Thanks to recent film adaptations of We Have Always Lived in the Castle and The Haunting of Hill House, Shirley Jackson's fiction is more popular than ever. Her famous short stories like "The Lottery" are just as entertaining, and perhaps more HSP-friendly, than her adapted novels. Jackson expertly turns the seemingly mundane into deeply unsettling events, revealing the darker side of humanity in the process. The first story in this collection stars "Miss Adela Strangeworth" who hates sloppiness and loves her home. Of course, nothing is as it seems, and Miss Strangeworth's stroll around town takes a sinister turn.
For the first time in one volume, a collection of Shirley Jackson’s scariest stories, with a foreword by PEN/Hemingway Award winner Ottessa Moshfegh
After the publication of her short story “The Lottery” in the New Yorker in 1948 received an unprecedented amount of attention, Shirley Jackson was quickly established as a master horror storyteller. This collection of classic and newly reprinted stories provides readers with more of her unsettling, dark tales, including the “The Possibility of Evil” and “The Summer People.” In these deliciously dark stories, the daily commute turns into a nightmarish game of hide and seek, the loving wife hides homicidal thoughts and the concerned citizen might just be an infamous serial killer. In the haunting world of Shirley Jackson, nothing is as it seems and nowhere is safe, from the city streets to the crumbling country pile, and from the small-town apartment to the dark, dark woods. There’s something sinister in suburbia.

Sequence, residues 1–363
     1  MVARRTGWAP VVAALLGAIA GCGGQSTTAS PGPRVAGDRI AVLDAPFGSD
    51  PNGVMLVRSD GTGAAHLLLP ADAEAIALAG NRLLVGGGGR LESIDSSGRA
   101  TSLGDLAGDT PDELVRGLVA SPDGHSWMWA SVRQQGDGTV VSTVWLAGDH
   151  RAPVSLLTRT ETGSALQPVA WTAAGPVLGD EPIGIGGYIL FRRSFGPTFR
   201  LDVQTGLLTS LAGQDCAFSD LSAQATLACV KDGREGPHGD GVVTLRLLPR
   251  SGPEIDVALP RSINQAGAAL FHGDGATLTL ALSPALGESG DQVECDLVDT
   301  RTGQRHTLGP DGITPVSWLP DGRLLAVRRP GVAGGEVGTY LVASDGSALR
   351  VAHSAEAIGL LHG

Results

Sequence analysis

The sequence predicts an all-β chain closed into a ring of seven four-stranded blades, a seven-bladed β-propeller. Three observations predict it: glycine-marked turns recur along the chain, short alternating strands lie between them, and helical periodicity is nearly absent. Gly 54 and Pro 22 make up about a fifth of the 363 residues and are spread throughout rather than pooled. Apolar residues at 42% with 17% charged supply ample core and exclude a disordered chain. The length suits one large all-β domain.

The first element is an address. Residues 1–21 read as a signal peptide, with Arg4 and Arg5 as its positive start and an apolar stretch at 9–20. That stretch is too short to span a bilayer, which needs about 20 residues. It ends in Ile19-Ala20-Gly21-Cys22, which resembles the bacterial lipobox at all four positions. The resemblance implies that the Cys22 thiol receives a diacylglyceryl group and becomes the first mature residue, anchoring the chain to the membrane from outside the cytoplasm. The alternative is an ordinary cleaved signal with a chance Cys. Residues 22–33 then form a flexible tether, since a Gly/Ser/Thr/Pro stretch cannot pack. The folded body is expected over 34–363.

For more than seventy years, Penguin has been the leading publisher of classic literature in the English-speaking world. With more than 1,700 titles, Penguin Classics represents a global bookshelf of the best works throughout history and across genres and disciplines. Readers trust the series to provide authoritative texts enhanced by introductions and notes by distinguished scholars and contemporary authors, as well as up-to-date translations by award-winning translators.